My Purpose in Writing Due Compliments First First things first: justice is extremely important to Christianity. The Gospel is fundamentally a declaration of God’s saving justice revealed in Jesus Christ. This justice will also involve Christ’s visible rule over the nations. He will bring them to reflect heaven as increasingly just and Christian societies. So … Continue reading "Cautioning the Evangelical Justice Movement: Justice and Gospel (Part 1)"
What is spirit, exactly? This question has come to mind for me on a handful of occasions, but until recently I generally took it primarily in negative terms with respect to matter. Matter has time, space, energy, maybe mass, etc. Matter is tangible or at least physically detectable. Spirit, on the other hand, refers to … Continue reading "God and Ganon"
What are miracles? If by “miracle” we mean an instance in which God overrules or violates the laws of nature for some greater end of His, a common enough definition, it is unclear whether we have any solid biblical grounds for believing that such things take place. Of course, to say that is probably a … Continue reading "Against Miracles"
One of the most common claims Catholic and Orthodox critics make of Protestant theology is that the doctrine of forensic justification by faith alone amounts to a legal fiction. God calls us righteous, but we really aren’t righteous. God cooks the books, and the whole atonement is a clever gambit by which God uses Christ’s … Continue reading "The Anthropology of Sola Fide"
I recently read a book by Winfried Corduan called In the Beginning God: A Fresh Look at the Case for Original Monotheism. If the title doesn’t make it obvious, the book is about the evidence (primarily the case of Wilhelm Schmidt) that the first religion of mankind was ethical monotheism (i.e. that there is a … Continue reading "Remnants of Revelation"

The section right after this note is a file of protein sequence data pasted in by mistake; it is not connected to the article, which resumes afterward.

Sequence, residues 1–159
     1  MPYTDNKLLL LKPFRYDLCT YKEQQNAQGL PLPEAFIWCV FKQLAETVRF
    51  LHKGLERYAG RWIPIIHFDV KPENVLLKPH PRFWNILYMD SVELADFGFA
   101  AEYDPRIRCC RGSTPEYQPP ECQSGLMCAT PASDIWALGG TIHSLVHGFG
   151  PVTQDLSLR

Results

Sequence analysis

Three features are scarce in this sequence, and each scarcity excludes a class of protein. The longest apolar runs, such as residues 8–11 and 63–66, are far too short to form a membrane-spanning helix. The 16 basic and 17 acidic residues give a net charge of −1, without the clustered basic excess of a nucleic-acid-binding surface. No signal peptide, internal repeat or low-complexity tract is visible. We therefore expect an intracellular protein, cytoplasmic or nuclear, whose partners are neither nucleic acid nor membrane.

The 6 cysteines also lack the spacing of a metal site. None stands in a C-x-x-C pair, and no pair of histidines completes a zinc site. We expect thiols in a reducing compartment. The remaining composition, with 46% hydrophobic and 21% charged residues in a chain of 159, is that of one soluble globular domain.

Last semester at school, I wrote a paper about regeneration, which can be found on the essays page of this blog. It was by far one of my favorite and best papers, and as such I think its thesis argument may be worth summarizing here for anyone who is interested in the doctrine of regeneration … Continue reading "Summary of “Regenerating Regeneration”"
I recently read C. S. Lewis’ The Problem of Pain, which I had avoided for some time under the impression that it was simply a stock presentation of a free will apologetic. I’m not a proper Calvinist, as most of you know, but I’m still far too Reformed to be interested in such an argument. But … Continue reading "Lewis on Animal Eternity"
Responses from theologians: St. Athanasius The Son of God became a Devil-renouncing man that I might renounce the Devil as a son of God. Augustine of Hippo God grant me to renounce the Devil, but not yet. Thomas Aquinas I answer that I do indeed renounce the Devil and all of his works, just as … Continue reading "Do You Renounce the Devil and All of His Works?"
I have crusaded here before against the conflation of life-after-death with life-after-life-after-death (to use N. T. Wright’s terminology), of the “heaven” we go to upon death with the “heaven” which is really the new creation earth united with God’s presence in the future. And my theological focus has mostly been on the latter of these, … Continue reading "Options on the Intermediate State"
[This is an essay I submitted last semester for my apologetics class, in which I had to do a research paper on an apologetic topic. I chose the problem of evil and decided to look at Barth’s view. However, I did this paper before reading Darren M. Kennedy’s dissertation of Barth’s doctrine of providence, which is … Continue reading "To Speak of Nothing: Examining Karl Barth’s Doctrine of Evil"